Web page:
Governor DeSantis is trying to show us that “Oh, AP Psychology has become bad because it incorporates queer and trans perspectives.” But in reality, what people are seeing is that queer and trans perspectives have always been so ingrained and are so fundamental in almost every element of American and global life, that attempting to erase queerness, attempting to not acknowledge the existence of queer and trans people is not a viable choice, it is no longer a political strategy that is going to work.

As Zander points out, this is causing DeSantis’ strategy to falter, and in part that’s because it unmasks the true intentions that many of us suspected a long time ago. The initial “Don’t Say Gay” bill used the same pearl-clutching logic that had been used against the LGBTQ+ community for decades, including in the propaganda promoting bathroom bans for trans people: “Think of the children.” But when it comes to AP classes, these people aren’t children. Most AP students will be 16-18. These are people getting ready for college and the wider world. The existence of LGBTQ+ people shouldn’t be some evil secret kept from children, but even for those who think otherwise, it’s clear that students voluntarily signing up for AP courses should have the critical thinking to assess information about the world they live in, regardless of DeSantis’ attempt to silence it all, and if they don’t then that is a different problem with the school system that needs to be addressed.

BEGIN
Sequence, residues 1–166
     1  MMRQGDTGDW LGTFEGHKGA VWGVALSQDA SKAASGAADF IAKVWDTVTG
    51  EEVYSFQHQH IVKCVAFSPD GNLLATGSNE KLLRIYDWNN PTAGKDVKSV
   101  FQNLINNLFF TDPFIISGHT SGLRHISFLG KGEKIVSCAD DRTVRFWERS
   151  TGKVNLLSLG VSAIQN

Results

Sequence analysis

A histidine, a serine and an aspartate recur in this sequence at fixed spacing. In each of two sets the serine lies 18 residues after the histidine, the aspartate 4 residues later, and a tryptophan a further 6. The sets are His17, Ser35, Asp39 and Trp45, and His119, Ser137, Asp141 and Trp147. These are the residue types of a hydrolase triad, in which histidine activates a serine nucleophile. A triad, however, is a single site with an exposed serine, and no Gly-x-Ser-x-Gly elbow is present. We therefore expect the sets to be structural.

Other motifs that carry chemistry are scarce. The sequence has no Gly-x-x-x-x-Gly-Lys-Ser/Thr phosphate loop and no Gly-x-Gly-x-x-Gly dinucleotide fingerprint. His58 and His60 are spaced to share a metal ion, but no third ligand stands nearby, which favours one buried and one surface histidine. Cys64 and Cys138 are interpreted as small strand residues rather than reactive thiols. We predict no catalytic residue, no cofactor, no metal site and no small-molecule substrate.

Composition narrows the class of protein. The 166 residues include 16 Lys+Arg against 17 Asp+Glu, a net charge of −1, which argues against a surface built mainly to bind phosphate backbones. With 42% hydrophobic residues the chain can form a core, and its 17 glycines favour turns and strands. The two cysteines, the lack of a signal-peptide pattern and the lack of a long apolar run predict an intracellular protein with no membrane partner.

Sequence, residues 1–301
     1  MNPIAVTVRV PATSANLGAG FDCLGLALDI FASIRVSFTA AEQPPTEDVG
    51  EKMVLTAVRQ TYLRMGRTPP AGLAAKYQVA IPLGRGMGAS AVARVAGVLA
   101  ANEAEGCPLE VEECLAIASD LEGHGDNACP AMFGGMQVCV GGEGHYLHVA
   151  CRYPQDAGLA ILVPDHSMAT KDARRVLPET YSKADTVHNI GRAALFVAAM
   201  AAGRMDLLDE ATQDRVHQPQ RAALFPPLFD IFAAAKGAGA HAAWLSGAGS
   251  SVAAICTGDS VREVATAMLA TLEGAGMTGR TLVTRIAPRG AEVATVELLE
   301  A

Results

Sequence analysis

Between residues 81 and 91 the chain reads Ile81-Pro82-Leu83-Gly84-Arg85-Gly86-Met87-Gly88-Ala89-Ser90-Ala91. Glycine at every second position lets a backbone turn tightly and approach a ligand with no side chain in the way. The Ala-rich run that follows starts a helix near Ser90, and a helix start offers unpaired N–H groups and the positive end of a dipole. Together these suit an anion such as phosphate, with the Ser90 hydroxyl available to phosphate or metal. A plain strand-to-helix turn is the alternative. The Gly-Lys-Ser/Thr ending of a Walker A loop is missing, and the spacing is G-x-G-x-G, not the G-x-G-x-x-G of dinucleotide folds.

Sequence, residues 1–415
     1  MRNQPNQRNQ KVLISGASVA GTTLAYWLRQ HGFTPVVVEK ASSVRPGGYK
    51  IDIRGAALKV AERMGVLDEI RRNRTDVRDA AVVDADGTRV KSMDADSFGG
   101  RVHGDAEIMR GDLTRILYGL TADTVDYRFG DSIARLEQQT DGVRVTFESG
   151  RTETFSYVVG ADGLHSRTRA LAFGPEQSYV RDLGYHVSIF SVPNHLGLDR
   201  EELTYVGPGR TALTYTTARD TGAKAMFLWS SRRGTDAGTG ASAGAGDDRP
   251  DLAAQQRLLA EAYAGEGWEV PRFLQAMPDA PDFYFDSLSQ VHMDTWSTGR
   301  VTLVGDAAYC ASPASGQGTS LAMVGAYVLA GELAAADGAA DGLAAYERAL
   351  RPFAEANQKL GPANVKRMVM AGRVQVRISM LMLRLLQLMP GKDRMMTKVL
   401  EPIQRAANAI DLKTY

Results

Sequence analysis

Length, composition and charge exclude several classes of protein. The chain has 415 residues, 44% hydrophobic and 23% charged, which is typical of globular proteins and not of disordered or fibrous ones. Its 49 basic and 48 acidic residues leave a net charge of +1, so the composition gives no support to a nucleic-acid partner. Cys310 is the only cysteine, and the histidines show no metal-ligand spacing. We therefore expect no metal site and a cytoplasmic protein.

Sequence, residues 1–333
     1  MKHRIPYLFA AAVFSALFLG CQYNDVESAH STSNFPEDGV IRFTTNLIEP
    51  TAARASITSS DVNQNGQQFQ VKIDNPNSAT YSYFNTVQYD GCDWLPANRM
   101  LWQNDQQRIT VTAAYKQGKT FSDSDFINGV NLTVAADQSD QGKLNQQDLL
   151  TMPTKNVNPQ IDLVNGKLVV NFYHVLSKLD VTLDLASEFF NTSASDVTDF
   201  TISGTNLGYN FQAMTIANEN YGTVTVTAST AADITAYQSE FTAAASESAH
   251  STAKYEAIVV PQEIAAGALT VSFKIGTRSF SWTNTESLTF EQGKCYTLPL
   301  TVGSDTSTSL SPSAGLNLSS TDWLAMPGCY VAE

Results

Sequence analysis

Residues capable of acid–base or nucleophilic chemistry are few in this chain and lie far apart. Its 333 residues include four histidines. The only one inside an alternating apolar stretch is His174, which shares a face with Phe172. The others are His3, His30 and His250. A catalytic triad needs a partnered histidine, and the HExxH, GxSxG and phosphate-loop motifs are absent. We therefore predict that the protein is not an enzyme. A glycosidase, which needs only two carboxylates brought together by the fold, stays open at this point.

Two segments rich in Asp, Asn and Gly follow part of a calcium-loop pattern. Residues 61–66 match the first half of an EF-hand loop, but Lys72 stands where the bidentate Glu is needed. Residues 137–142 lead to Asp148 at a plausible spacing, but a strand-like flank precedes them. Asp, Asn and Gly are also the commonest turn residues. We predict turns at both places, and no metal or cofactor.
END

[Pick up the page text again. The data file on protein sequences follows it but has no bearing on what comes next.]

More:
We told you a year and a half ago that he would abuse this bill, we told you a year and a half ago that he would expand this bill to high schoolers and oppress them. And now he is, and now it’s affecting the quality of education of straight students whose parents maybe wouldn’t have cared a month or two ago. And it is just problematic, because he’s not adding anything. And so this just looks like DeSantis is fumbling around and trying to find a win. He’s looking back at all the things that he found to have been successful, and he’s just repeating them. But it isn’t working. This time it isn’t impactful, it isn’t new, it isn’t beneficial, so it just seems like he’s panicking and trying to find a new way to make a headline.